Court rules failure to vaccinate children not “free exercise of religion”
The US District Court in Ohio has ruled that a parent’s refusal to vaccinate her children against diseases is not “free exercise” of religion, and amounts to neglect.
In April 2010, the Tuscarawas County Jobs and Family Services filed a complaint in Juvenile Court against parents Charity and Brock Schenker, and took custody of the Schenker children. They became involved after a domestic violence matter between Mr. and Mrs. Schenker.
At that time, the children were determined to be “neglected and dependent”. TCJFS worked out case plans for the parents, including required psychiatric evaluations, drug testing, and supervised visitation.
When asked about the children’s immunizations, Mrs. Schenker claimed she had religious objections to immunizations. The court informed her that the immunizations would be ordered.
Mrs. Schenker (now divorced) was recommended to undergo therapy for adjustment disorder, histrionic personality disorder, and narcissistic personality features. The evaluating psychiatrist noted that she would have concerns about reuniting Schenker and her children if therapy was not undertaken. Following some additional drama, Schenker was subjected to a random drug test at a later hearing and tested positive for marijuana use. Her visitations were terminated, and the county filed a motion for permanent custody in August 2011.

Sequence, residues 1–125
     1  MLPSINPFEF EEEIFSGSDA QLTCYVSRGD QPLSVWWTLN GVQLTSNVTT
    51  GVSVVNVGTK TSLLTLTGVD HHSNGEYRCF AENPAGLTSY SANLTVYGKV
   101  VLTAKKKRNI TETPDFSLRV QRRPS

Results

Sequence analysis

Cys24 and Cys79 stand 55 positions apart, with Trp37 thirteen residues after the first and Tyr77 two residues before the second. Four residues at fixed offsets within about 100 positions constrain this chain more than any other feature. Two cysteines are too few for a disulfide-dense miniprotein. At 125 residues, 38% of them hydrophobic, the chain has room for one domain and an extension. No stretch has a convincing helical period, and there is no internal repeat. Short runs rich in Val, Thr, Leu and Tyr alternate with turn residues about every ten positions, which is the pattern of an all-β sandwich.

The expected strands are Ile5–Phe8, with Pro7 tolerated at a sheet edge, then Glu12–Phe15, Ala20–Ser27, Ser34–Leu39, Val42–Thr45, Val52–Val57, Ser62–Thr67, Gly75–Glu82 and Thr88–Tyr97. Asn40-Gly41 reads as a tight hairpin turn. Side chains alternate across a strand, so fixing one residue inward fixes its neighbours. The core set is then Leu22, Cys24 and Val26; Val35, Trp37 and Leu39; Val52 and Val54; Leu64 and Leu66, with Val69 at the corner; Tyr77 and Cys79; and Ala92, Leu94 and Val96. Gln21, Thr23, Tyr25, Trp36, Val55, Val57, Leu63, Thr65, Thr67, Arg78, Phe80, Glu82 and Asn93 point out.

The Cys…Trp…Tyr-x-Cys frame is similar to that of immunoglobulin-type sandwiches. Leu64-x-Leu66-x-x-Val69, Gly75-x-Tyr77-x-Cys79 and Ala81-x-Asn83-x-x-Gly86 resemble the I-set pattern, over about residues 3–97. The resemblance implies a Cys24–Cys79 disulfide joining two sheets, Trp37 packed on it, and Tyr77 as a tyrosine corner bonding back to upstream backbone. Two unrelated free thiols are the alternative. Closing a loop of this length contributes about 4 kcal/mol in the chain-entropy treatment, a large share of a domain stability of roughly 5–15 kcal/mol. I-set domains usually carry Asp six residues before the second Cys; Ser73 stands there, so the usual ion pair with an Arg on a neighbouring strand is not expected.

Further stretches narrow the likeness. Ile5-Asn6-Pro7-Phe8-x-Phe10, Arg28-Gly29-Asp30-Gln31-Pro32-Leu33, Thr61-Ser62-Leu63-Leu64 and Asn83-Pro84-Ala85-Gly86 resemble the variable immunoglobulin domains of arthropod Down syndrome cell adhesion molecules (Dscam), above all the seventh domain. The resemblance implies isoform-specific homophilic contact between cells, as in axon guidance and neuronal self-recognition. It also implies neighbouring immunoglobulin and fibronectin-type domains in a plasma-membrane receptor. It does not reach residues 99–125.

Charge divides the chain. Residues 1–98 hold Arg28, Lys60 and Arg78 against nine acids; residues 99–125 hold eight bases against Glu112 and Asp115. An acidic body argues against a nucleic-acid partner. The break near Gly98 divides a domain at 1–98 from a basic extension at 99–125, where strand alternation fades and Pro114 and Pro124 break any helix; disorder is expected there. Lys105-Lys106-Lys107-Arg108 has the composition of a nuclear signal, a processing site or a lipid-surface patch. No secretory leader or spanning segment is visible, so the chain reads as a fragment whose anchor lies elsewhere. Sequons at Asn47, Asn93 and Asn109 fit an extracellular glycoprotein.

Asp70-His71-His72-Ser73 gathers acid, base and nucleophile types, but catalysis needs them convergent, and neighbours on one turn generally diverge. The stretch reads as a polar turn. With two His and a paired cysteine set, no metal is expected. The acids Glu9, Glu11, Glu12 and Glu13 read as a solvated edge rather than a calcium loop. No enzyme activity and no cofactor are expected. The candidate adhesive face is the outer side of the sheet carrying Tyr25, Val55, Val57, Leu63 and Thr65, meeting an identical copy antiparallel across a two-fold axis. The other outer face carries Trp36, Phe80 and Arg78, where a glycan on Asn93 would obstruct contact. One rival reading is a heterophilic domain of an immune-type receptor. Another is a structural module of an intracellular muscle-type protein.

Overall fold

The county laid out as evidence a number of instances in which Schenker did not comply with orders, refused home inspections, and more. But Schenker sued with eight claims, including conspiracy claims and, most significantly, claims that her First Amendment right to free expression of religion was violated.
The District Court found that “the mere assertion of a religious belief . . . does not automatically trigger First Amendment protections,” and that “it has long been recognized that local authorities may constitutionally mandate vaccinations.” The latter cited the 1905 case of Jacobson v. Massachusetts, which set forth that “real liberty for all could not exist under the operation of a principle which recognizes the right of each individual person to use his own . . . regardless of the injury that may be done to others.”
The District Court also cited 1944′s Prince vs. Massachusetts, which found that “The right to practice religion freely does not include parental liberty to expose the community or the child to communicable disease.” (Emphasis added.)
Also, while some states have granted religious exemptions, it is not required; supported in Sherr vs. Northport-East Northport Union Free School District, 1987.
The District Court dismissed Schenker’s claims in full, including the First Amendment claim, and permanent custody has been granted to the county.
Note that the permanent custody is not due entirely to the vaccination issue, but it was a contributing factor.
Read the full court decision HERE. Thanks to Religion Clause.